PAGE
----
First, they call it a haircut, same as we do in the states. I like to have the back and sides of my hair cut with the number three clippers. Again, good news, in South Africa they call those the number three clippers.
Stylists here, much like those at home, can be chatty. That's no problem except when the clippers are on and my stylist, Molly, is speaking, I have no idea what she is saying. Even when the clippers are off, I often had a hard time understanding. I tried to figure out why I have a tough time, and I realized it is often about the letter r. The South Africans barely pronounce the letter r in various words, if they pronounce it at all. For example, I have a mark on my ear. Molly asked if my ear was “saw”. I was trying to figure out what she meant by saw. Saw? Salt? It took me a bit to realize she was saying “sore”. (Good news, it is not.)
The radio was playing at the shop and music must be somewhat global. I noted three songs. The first was a song I am not familiar with, though it was in the same pop music style as those at home. But the singer was not American and I did have a difficult time understanding some of the lyrics. The other two songs were American classics that I would have likely heard at home on a classic rock station, “Ain't No Mountain High Enough” and “Total Eclipse of the Heart”. Also, like at home, the morning DJs were a pair, one man, one woman, who bantered with each other like even cloud formations were funny.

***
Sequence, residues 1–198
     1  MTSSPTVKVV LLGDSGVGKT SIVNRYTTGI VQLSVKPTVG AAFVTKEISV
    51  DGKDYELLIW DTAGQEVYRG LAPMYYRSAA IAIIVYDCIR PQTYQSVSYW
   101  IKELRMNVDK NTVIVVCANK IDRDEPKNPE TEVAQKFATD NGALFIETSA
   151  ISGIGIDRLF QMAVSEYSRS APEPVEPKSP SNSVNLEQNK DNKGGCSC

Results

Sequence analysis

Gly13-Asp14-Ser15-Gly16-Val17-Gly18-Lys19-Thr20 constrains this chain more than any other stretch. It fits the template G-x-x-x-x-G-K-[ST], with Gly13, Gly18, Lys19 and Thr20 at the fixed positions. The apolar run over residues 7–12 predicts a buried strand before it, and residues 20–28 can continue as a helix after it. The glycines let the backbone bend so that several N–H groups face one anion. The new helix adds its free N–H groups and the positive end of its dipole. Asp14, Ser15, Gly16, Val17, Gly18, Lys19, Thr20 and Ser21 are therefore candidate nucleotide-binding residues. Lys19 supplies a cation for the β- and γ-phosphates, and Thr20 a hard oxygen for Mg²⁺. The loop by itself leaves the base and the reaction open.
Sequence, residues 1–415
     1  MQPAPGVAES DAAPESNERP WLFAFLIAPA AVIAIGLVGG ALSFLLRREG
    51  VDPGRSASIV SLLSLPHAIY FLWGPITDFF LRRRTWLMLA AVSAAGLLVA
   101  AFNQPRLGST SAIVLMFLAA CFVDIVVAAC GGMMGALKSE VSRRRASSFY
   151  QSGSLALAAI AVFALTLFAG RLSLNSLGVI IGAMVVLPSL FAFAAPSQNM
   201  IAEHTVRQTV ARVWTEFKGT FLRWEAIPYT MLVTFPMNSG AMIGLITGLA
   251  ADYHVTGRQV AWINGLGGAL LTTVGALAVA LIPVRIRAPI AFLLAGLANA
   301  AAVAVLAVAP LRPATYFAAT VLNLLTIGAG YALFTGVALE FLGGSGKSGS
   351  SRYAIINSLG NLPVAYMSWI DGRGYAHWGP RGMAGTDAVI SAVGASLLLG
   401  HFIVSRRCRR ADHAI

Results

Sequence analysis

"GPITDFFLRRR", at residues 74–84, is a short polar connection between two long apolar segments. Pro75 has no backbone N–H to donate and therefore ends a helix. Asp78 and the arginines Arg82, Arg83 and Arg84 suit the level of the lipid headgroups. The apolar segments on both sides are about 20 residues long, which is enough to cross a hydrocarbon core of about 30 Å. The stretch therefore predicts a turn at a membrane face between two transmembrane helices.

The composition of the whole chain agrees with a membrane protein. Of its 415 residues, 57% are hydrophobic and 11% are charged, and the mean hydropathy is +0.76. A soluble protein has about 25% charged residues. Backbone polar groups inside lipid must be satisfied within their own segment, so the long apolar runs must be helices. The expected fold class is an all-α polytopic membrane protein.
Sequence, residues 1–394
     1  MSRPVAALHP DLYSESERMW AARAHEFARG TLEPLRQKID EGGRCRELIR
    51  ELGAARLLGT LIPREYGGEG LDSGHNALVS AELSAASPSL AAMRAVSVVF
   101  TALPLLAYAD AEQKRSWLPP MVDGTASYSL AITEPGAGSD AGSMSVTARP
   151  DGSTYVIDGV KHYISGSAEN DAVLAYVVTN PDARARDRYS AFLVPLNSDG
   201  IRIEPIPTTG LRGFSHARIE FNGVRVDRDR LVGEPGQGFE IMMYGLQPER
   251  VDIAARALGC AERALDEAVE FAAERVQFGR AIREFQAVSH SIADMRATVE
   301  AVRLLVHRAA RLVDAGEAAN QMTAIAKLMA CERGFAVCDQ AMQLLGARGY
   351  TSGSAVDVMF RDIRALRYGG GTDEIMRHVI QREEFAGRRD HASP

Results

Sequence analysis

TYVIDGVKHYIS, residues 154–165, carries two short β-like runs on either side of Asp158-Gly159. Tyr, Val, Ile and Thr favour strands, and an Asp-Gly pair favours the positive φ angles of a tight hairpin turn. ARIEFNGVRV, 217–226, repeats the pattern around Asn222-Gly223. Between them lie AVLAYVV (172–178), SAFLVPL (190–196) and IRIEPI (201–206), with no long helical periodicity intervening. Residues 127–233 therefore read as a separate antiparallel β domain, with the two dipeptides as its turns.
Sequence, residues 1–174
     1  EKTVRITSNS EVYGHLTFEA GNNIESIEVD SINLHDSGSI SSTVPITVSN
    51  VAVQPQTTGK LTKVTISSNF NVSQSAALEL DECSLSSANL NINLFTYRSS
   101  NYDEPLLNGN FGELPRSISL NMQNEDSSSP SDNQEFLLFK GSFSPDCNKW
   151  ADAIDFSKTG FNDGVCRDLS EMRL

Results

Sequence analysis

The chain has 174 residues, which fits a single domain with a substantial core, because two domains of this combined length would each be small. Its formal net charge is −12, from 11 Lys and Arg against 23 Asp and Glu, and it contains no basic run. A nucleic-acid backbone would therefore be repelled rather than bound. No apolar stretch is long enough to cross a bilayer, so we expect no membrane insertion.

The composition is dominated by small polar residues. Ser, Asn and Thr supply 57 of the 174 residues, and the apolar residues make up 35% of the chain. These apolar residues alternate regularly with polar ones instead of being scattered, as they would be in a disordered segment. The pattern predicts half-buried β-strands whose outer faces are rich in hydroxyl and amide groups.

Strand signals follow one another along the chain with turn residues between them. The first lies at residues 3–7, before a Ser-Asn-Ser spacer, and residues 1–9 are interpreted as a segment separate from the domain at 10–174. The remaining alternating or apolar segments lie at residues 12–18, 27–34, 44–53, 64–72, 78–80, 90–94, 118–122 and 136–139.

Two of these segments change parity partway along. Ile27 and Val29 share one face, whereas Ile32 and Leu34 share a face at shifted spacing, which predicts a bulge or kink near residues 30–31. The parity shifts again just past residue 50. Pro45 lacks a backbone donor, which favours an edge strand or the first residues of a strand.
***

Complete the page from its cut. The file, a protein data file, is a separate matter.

The cost of the haircut was 120 rand, which is a between 8 and 9 dollars. With tip, I maybe spent $10. A bargain! (Not as inexpensive as that barber school in Manhattan where I used to get my hair done when I was at NYU, but then sometimes there were spots on my head where the barber-in-training had shaved off all the hair accidentally. Once, I remember my friend Donna, who was one of those always positive people, trying to compliment me on my horrible haircut. Her phrase, “Well, it'll grow back.”) Here I got a very nice haircut for a good price. So if you are looking to save some money, just fly to South Africa every time you need a trim. All right, the flight would probably break the bank. But don't focus on the obstacles. Just tell yourself, “there ain't no mountain high enough.”